Feature

Microsoft spells out .Net security strategy

Microsoft's chief technology officer, Craig Mundie, has acknowledged the company's software security problems.

Speaking at a Microsoft-hosted three-day Trusted Computing Forum in California, Mundie said: "Despite best efforts by smart people, it is unlikely that computing will ever be perfect,"

As the recent security problem with Passport showed, Microsoft still has some way to go with the key authentication technology that will facilitate .Net.

Mundie compared the problems facing the technology to those faced by several innovations in history, from the telephone to the credit card.

"I don't think the people who designed these networks ever would have predicted the problems they would face," he said.

Programmers have found ways to exploit Microsoft's naivety, spreading worms such as Code Red and Nimda through the company's Internet Information Server software. This has raised serious questions over how the company and the industry can progress without falling victim to similar attacks.

Still, growing industry support was witnessed at the forum in the comments from delegates, many of whom are Microsoft's biggest critics and competitors.

"There is a lot to be said about Microsoft's progress in co-operating with the industry on privacy," said Tatiana Gua, senior vice-president of integrity assurance at America Online, the Internet service division of AOL Time Warner.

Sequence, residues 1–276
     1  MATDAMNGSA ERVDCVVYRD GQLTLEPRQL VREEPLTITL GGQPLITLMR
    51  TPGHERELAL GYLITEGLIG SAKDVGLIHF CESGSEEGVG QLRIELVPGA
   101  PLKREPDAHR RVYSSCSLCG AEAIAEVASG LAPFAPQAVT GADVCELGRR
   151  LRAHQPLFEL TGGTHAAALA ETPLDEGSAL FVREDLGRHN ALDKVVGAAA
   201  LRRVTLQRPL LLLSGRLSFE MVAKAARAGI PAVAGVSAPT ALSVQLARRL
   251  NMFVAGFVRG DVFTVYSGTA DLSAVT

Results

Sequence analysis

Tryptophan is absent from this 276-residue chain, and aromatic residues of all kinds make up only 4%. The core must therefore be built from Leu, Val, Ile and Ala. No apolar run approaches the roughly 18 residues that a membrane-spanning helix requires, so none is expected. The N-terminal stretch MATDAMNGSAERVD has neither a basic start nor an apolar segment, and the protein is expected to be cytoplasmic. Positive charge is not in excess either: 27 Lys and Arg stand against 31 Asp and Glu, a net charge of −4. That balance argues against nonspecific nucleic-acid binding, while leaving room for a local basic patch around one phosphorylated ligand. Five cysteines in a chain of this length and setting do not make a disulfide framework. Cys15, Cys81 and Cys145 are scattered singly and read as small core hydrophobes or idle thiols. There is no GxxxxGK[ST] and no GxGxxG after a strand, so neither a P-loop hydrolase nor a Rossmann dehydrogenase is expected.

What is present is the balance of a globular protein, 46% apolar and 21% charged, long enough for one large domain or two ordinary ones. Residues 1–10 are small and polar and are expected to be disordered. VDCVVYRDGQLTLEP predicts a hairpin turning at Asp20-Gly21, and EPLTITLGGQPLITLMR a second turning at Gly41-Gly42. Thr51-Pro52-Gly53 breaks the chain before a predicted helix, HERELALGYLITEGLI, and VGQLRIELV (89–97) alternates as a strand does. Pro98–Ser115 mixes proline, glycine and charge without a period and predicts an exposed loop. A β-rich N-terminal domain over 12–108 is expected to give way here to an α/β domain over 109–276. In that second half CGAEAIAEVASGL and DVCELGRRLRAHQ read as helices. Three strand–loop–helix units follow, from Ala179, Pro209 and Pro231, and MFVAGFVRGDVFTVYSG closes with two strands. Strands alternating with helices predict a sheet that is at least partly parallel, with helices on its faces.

Citing the addition of new security technologies in Microsoft's products - such as P3P (Platform for Privacy Preferences), and the company's efforts to step up its co-operation with industry standards groups - Gua expressed support for Mundie's presentation. But she criticised some technical points in Microsoft's security strategy. "Unlike Microsoft, we don't believe that one size fits all," she said.

With government regulators and industry counterparts pressing down on several aspects of Microsoft's business - from US federal trustbusters to industry chief technology officers who have been burnt by the use of Microsoft's "bug-prone" software - the company that arguably has been at the centre of the industry's security and privacy battle has now found itself with a difficult choice.

If Microsoft gets too wrapped up addressing privacy - appeasing critics such as those who recently filed a claim with the US Federal Trade Commission regarding its Passport service - the company would endanger its ability to create secure products, Mundie said

But, he added, if it is too concerned with security, devising products impervious to malicious programmers, it could step on privacy. "Compromise will be required," he added.

He went on to compare hackers to terrorists. "The evolution of hacking is very, very akin to this network of terror cells," he said. "And there is the potential to treat them the way we treat terrorist cells."

On government regulation of Microsoft's business practices and those of other companies building similar Internet technology, Mundie compared the company to goose that lays golden eggs. "Do we shoot the goose, or do we take more of a risk and let the goose keep running free for a while?" he asked.

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This was first published in November 2001

 

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